Sep 12, 2012 No Comments ›› Chuck Biscuits
Excerpted from The Lookout: An actress in the movie about the Prophet Muhammad that sparked outrage across the Middle East on Tuesday and Wednesday said she will sue the filmmaker and that the film’s script, titled “Desert Warriors,” focused on life 2,000 years ago.
Cindy Lee Garcia told Gawker that she called the film’s writer and director, who has now gone into hiding, when she saw the protests and his quotes in the media.
“‘Why did you do this?’ and he said, ‘I’m tired of radical Islamists killing each other. Let other actors know it’s not their fault,’” she told Gawker. “I’m going to sue his butt off.”
She said the mysterious filmmaker, who’s identified himself as Sam Bacile, said on set that he was Egyptian and spoke Arabic with his associates. (A report from the Atlantic indicated the filmmaker was not Jewish or Israeli, as the filmmaker stated earlier in interviews.) Garcia said she was horrified when she discovered the video’s connection to the deaths of four Americans after an assault on the U.S. Consulate in Libya.
“Now we have people dead because of a movie I was in,” she said. “It makes me sick.”
Excerpted from Gawker: ‘It Makes Me Sick’: Actress in Muhammed Movie Says She Was Deceived, Had No Idea It Was About Islam
The story of the Muhammed movie which sparked deadly protests in Libya and Egypt gets weirder. The actors who appeared in it had no idea they were starring in anti-Islam propaganda which depicts Muhammed as a child molester and thug. They were deceived by the film’s director, believing they were appearing in a film about the life of a generic Egyptian 2,000 years ago.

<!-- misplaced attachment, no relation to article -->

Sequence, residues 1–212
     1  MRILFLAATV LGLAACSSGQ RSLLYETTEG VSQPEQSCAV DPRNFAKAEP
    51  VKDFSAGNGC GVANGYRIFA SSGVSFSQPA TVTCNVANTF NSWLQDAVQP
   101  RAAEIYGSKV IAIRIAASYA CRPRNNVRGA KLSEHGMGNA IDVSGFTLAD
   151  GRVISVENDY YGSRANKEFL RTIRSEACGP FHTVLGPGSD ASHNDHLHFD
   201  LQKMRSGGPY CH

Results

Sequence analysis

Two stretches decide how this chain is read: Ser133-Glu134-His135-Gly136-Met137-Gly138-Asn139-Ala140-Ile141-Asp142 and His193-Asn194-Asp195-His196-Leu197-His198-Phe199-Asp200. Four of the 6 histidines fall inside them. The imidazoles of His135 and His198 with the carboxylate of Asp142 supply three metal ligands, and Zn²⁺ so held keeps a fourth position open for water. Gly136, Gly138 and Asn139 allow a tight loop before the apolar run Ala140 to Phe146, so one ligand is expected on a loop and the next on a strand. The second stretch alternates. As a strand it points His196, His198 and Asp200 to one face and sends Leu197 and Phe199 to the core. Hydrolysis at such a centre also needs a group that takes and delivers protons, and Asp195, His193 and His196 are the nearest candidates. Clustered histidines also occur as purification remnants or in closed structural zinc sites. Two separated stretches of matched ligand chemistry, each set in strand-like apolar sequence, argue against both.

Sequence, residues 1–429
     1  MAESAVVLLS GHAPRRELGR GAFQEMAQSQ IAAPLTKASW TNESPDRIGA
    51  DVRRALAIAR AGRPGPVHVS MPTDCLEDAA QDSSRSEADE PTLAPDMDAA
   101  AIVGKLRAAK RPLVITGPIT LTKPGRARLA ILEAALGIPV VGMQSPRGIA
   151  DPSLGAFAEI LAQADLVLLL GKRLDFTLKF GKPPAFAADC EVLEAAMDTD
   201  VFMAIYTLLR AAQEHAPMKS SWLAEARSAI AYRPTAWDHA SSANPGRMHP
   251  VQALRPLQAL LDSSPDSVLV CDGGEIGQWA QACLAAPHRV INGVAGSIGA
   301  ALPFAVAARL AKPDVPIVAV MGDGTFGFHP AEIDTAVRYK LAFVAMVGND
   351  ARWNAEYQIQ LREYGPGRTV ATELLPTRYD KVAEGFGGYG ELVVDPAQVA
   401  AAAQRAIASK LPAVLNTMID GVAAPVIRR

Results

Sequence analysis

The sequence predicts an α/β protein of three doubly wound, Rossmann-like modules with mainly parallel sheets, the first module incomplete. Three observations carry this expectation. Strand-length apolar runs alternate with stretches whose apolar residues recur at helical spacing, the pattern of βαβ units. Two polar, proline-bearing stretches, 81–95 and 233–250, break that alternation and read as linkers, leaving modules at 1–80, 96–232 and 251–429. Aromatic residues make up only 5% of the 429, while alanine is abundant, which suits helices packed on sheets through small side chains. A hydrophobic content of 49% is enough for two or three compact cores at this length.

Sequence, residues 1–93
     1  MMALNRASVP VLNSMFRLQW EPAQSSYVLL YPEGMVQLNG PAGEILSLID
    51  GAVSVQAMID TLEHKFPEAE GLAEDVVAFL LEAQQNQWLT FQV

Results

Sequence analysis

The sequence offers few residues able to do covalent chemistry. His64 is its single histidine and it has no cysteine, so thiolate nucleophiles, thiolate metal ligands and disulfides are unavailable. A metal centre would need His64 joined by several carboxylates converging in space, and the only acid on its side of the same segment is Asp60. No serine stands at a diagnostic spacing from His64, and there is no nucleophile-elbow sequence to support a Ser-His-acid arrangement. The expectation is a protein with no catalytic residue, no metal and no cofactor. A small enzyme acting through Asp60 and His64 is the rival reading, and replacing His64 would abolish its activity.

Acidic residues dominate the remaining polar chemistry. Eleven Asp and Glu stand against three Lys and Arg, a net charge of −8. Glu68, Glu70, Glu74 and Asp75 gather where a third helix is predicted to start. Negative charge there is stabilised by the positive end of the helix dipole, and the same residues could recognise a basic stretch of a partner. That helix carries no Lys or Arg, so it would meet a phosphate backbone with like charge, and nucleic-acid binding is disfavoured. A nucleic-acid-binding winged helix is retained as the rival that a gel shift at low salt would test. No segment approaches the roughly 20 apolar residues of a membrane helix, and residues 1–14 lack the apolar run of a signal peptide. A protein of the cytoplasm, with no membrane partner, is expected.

Cindy Lee Garcia, an actress from Bakersfield, Calif., has a small role in the Muhammed movie as a woman whose young daughter is given to Muhammed to marry. But in a phone interview this afternoon, Garcia told us she had no idea she was participating in an offensive spoof on the life of Muhammed when she answered a casting call through an agency last summer and got the part.
The script she was given was titled simply Desert Warriors.
“It was going to be a film based on how things were 2,000 years ago,” Garcia said. “It wasn’t based on anything to do with religion, it was just on how things were run in Egypt. There wasn’t anything about Muhammed or Muslims or anything.”
In the script and during the shooting, nothing indicated the controversial nature of the final product, now called Muslim Innocence. Muhammed wasn’t even called Muhammed; he was “Master George,” Garcia said. The words Muhammed were dubbed over in post-production, as were essentially all other offensive references to Islam and Muhammed.
For example, at 9:03 in the trailer, Garcia berates her husband, who wants to send their daughter to Muhammed: “Is your Muhammed a child molester?” she says in the final product. But the words are dubbed over what she actually said. The line in the script—and the line Garcia gave during filming—was, “is your God a child molester,” Garcia told us today.
Garcia was horrified when she saw the end product, and when protesters in Libya killed four U.S. Embassy employee.
“I had nothing to do really with anything. Now we have people dead because of a movie I was in. It makes me sick.”
According to Garica, her three days on set last July were unremarkable. The film’s mysterious pseudonymous writer and director, “Sam Bacile,” has claimed to be an Israeli real estate mogul. But Garcia said Bacile told her he was Egyptian on set. Bacile had white hair and spoke Arabic to a number of “dark-skinned” men who hung around the set, she said. (A Bacile associate also told The Atlantic he wasn’t Israeli or Jewish.)